Site location and background
The Dutch experimental site Oldebroek (52°24’N 5°55’E) is located at the Artillary Practice Ground (ASK) of the Dutch Army near the towns of ‘t Harde and Oldebroek. The site is part of a large heathland area called Oldebroekse heide.
The heathland vegetation found here is dominated by Calluna vulgaris, Deschampsia flexuosa and Molinia caerulea with some scattered Betula pendula and Pinus sylvestris trees and bushes of Juniperus. The plots are mainly covered with Calluna vulgaris plants of a maximum height of 75 cm.
The heathland is managed by regular sod-cutting to prevent grass encroachment. The soil is a well drained, sandy to loamy sand podzol, with a groundwater class of VII. The site is located at an elevation of 25 meter above sea level and is almost flat.
Oldebroek is one of the three northern heathland infrastructures, with Calluna vulgaris as dominant plant species. The most important distinction between this heathland and the others in Denmark and the UK is the relative high atmospheric nitrogen deposition. In addition, the heathland in the UK is a wet upland heath, while the sites in Denmark and the Netherlands are dry lowland heathlands.
The interesting scientific characteristic of the infrastructure is the high nitrate leaching measured in this site, which is even increased by only 0.5-1ºC warming. Because of the high N deposition, the growth of biota is limited by phosphorous. Remarkable as well is the strong plant response (production and chemistry) to warming and drought. Finally, climate change affects the overall water holding capacity of the soil leading to decreased moisture contents even in winter.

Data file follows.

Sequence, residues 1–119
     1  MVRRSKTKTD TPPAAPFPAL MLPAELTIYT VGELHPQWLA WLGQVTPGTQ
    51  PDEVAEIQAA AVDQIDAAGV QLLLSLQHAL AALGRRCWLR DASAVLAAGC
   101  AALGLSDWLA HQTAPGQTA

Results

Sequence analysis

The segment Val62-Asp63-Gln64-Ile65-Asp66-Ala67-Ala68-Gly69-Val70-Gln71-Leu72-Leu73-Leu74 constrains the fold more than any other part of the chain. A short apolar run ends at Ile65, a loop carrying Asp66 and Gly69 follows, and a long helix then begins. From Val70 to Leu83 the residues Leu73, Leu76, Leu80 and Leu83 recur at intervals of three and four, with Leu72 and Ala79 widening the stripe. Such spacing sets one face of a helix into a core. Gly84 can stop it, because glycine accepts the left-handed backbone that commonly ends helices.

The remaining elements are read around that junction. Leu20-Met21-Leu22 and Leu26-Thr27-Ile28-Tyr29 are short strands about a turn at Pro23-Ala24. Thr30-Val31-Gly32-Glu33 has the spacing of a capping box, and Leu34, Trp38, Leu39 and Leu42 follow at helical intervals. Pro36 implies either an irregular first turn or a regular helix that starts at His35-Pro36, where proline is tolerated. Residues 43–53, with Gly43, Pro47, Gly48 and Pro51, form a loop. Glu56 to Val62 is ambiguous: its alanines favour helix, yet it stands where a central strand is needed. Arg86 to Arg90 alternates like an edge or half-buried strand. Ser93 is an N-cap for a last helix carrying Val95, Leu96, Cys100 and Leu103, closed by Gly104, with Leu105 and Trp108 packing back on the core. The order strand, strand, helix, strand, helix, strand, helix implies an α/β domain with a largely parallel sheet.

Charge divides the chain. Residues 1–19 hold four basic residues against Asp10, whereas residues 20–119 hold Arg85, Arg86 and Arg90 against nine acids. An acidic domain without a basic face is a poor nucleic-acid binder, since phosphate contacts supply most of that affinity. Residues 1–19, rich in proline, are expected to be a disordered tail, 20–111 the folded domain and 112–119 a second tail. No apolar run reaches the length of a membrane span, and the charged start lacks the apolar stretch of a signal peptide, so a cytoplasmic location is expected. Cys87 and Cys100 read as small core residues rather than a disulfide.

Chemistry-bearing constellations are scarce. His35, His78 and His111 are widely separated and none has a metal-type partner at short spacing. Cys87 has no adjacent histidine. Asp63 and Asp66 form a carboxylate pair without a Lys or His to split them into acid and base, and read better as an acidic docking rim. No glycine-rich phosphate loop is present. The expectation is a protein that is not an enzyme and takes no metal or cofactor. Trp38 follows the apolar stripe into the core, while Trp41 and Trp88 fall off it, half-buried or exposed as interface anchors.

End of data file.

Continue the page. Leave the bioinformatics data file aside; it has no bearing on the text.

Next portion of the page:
Climate change manipulations
At Oldebroek we have a total of 9 plots that have been under climatic manipulation since 1998. Each plot is 20 m2 and there are 3 replicates of each treatment plot; 3 control plots, 3 night time warming plots and 3 repeated summer drought plots. Automated, reflective aluminium curtains simulate night time warming and transparent, plastic curtains simulate summer drought. In 2009 half of all plots will be cut, allowing us to investigate the interaction between climate change and manipulation. A new experiment starting in May 2010 will involve a 50% increase of rainfall in young Calluna vegetation. This will result in 6 new plots; 3 precipitation plots and 3 control plots.
Research activities and research wanted
Research activities at the infrastructure cover several fields, including, plant phenology, primary productivity, ecophysiology, plant population biology, plant biodiversity, biodiversity of some animal groups (such as collembollas, aphids and soil nematodes), litter decomposition, N-mineralisation, soil respiration, water chemistry etc. New investigations will aim to address soil carbon dynamics and turnover at the bulk and molecular level, applying 13C tracer techniques. Geochemical studies will investigate the degradation and turnover of lignin. Microbial diversity and composition will also be assessed. A range of data has been collected at regular intervals at Oldebroek, providing us with a long term record of the effects of climatic manipulation. Research collaborations as part of the INCREASE transnational access may be applicable. We will give priority to projects addressing the following topics; microbial diversity, rhizosphere processes, phenology, lignin degradation and turnover, root turnover, NEE, carbon and nitrogen cycles, photosynthesis. For further information regarding transnational access please enquire via the contact address below.
Other facilities offered
Analytical instruments for nutrients, metals, organics, soil texture, GC/MS, PyGC/MS, LI-COR 6400XT, greenhouses, growth facilities and Respicon laboratory soil respiration can be offered.
The on-site team
The on-site team for Oldebroek includes Dr Albert Tietema, Post Doc Sharon Mason and PhD student Daan Asscheman.
For more information
Please contact, Sharon Mason – email: University of Amsterdam, Faculty of Science, Nieuwe Achtergracht 166, 1018 WV Amsterdam, NL.